To explore the natural variation of LR branching capacity in Arabidopsis (Van Norman et al., 2014), we performed a wound-induced LR formation assay in 174 accessions from the Haplotype Map (HapMap) collection (Weigel and Mott, 2009). GWA mapping using data from 120 accessions revealed 162 SNP associations with several RSA traits measured after root tip excision. SNPs affecting six genes were found significantly associated with LR number variation.
Materials and Methods
Plant Materials and Growth Conditions
Our population for GWA mapping consisted of 174 natural inbred lines (i.e., accessions) of A. thaliana (L.) Heyhn. selected from the 1001 Genomes Project (Weigel and Mott, 2009) based on marker information and seed availability (Supplementary Table S1). The laboratory strain Columbia-0 (Col-0) was chosen as the reference. The following lines (in the Col-0 background) were used to isolate T-DNA homozygous mutants of the studied genes: N572850, N586312, N616200, and N620707 (Supplementary Table S2). The ahp1 ahp2 ahp3 (Hutchison et al., 2006) mutants were also used. All lines used were obtained from the Nottingham Arabidopsis Stock Centre (NASC1). Seeds were stored at 4°C for several weeks (>12) to break dormancy.
Seeds were surface-sterilized in 2% (w/v) NaClO and rinsed with sterile water before being transferred to 120 mm × 120 mm × 10 mm Petri dishes containing 75 mL of one-half-Murashige & Skoog (MS) medium with 2% sucrose, 8 g/L plant agar (Duchefa Biochemie, Netherlands) and 1× Gamborg B5 vitamin mixture (Duchefa Biochemie). After 4 days of stratification at 4°C in darkness, plates were wrapped in aluminum foil and were transferred (0 days after sowing) to an MLR-352-PE growth chamber (Panasonic, Japan) at 22 ± 1°C during 3 days in a nearly vertical position. Plates were unwrapped (3 days after sowing) and grew during another 3 days with continuous light (50 μmol⋅m−2⋅s−1). For each accession, 12 seeds were sown per petri dish in triplicate (36 samples/line). Sixteen consecutive sowings including 11 accessions each were established. Additionally, Col-0 was also included in all the sowings to be used as the growth reference accession and for normalization purposes (Supplementary Figure S1A). Lines with germination percentage lower than 80% and with ambiguous marker information were discarded for further analysis (Supplementary Table S1).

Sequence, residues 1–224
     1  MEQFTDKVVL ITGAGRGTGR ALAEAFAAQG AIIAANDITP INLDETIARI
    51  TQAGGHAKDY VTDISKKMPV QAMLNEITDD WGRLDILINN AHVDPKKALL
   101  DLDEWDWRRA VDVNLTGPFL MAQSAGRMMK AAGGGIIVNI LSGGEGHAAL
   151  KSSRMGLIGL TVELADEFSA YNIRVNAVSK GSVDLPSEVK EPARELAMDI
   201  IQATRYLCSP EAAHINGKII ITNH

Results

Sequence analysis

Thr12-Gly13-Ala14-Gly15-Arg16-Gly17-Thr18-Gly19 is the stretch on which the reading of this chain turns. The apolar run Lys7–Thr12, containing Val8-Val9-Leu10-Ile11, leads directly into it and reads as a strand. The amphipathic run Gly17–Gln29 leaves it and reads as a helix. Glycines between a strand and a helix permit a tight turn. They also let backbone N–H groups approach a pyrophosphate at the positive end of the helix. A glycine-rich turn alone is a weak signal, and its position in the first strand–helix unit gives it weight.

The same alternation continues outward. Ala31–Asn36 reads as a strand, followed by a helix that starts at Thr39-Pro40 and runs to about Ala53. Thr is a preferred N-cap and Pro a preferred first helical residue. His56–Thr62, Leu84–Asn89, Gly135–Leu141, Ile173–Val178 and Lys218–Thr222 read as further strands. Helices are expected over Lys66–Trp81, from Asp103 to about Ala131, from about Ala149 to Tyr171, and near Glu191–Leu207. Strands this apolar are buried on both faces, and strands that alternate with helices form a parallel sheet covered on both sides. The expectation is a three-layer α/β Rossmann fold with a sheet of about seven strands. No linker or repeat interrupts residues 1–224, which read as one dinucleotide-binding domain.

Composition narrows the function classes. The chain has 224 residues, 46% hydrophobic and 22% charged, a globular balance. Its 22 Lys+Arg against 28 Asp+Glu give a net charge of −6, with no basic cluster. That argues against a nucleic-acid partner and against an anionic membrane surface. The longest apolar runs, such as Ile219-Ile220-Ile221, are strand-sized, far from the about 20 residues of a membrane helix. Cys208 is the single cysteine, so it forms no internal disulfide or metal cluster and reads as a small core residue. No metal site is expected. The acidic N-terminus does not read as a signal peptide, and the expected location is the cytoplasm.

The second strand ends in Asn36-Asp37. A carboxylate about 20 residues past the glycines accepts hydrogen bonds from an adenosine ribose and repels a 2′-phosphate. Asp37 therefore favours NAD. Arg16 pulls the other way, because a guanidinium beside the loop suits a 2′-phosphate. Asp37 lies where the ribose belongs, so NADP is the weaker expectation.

Induction of Lateral Root Formation
To induce LR development during early seedling growth (Van Norman et al., 2014), we excised about 2 mm of the root tip using a sterile scalpel on a laminar flow hood at 6 days after sowing (Figure 1A). Next, samples were transferred back to the growth chamber and followed during 4 days for the analysis of several root traits as described below.
Figure 1. Wound-induced lateral root (LR) development. (A) Schematic representation of LR induction by root tip excision (the excision site is indicated by the scissors). dae, days after excision; PR, primary root. (B) Average LR number observed in the Columbia-0 (Col-0) reference accession after root tip excision. Different letters indicate significant differences (LSD, P-value < 0.01). (C) Time course of LR development in Col-0 after root tip excision. Scale bar: 5 mm. Numbers in (A,C) indicate order of LR emergence (1, first; 2, second; etc.). Asterisks mark the PR tips after excision.
Image Processing and Parameter Measurement
Petri dishes were daily imaged from 6 to 10 days after sowing using an Epson Perfection V330 Photo scanner (Seiko Epson Corporation, Nagano, Japan), at a resolution of 600 dpi, and saved as RGB color images in JPEG file format. Scanned images were processed using EZ-Rhizo (Armengaud et al., 2009) with available plug-in macros to convert them into binary images, remove noise, gap-filling, and skeletonize them prior to automated root detection (Supplementary Figures S1B–S1E). PR length was directly obtained from the EZ-Rhizo output files from scanned images of 6 days after sowing. A highly significant and positive correlation was found for PR length estimated by EZ-Rhizo and directly measured by ImageJ software2 from hand-drawn roots (Supplementary Figure S1F). LR number was visually counted from the scanned images between 6 and 10 days after sowing. LR emergence onset corresponds to the day when the first newly emerged LR was visible. LR density was estimated at 8 and 10 days after sowing by the LR number/PR length ratio. Data values were normalized relative to Col-0 values in each sowing dividing each individual value by the Col-0 average (Supplementary Table S3).
Statistical Analyses and Heritability Estimation